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"Portraits of Ashoura: Nermine Hammam"
2006-04-09 until 2006-04-30
Townhouse Gallery / Factory Space
The digital photographs in Portraits of Ashoura depict Shi’a men participating in rites commemorating the martyrdom of Hussein, grandson of the Prophet Mohammed at the Battle of Karbala on the 10th day of Muharram 61 AH (680 AD). The men bear the marks of the self-inflicted violence commonly associated with Shi’a Ashoura practices in Nabatieh, Southern Lebanon, where these photographs were shot, as well as in Bahrain, India, Afghanistan and Iraq. Although one of the most visible of Ashoura traditions, the self-wounding pictured in Hammam’s exhibition is being practiced less and less due to its controversial status even within Shi’a constituencies.
Hammam’s pieces offer multiple readings, their significance coming in and out of focus respectively, based on the viewer’s ability or willingness to contextualize the images within the historical, social, political and religious traditions of Nabatieh’s Ashoura tradition. Alternately, these images lend themselves to association with the visual and ideological conventions characterizing a more widely disseminated, but equally historically, politically and culturally grounded mass media.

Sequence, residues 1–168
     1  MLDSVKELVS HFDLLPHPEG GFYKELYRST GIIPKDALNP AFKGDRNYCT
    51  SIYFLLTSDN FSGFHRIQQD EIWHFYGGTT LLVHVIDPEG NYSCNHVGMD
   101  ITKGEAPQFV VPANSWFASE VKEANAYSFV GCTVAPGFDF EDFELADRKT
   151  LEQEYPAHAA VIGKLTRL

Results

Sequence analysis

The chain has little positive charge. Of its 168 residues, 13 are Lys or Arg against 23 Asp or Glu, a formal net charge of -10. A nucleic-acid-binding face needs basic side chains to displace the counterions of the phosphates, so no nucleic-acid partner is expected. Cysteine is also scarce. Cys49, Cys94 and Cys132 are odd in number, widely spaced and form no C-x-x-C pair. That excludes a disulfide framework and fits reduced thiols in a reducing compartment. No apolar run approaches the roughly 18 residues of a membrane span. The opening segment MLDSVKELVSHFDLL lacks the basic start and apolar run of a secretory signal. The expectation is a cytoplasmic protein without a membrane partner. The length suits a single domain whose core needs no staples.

The design-oriented digital manipulation of the photographs, the references to documentary genre and traditional portraiture, the larger-than-life size, the low-cost poster material on which the pieces are printed – all these elements lend the images a certain resonance within an international field of image exchange. Hammam’s images might just as easily be read within a news media tradition associating the Middle East (and especially Arab males) with violence, extremism, and danger, as well as a pop culture tradition of gory action/drama/adventure genres and hero-villain dynamics.
Portraits of Ashoura appears to indicate that, while clearly part of a self-identifying and religiously grounded tradition, the specificity of Nabatieh’s Ashoura practices are also inescapably linked to the modes of representation and associated discourses promoted via an “international” mass media culture.
Hammam graduated from the Tisch School of Arts, New York University with a BFA in Filmmaking. Her work has been exhibited at the Townhouse Gallery (Cairo 2001, 2002), El Hanager Art Center (Cairo, 2001), Espace SD (Beirut, 2004) and the Fortis Circus Theatre (the Hague, 2003).
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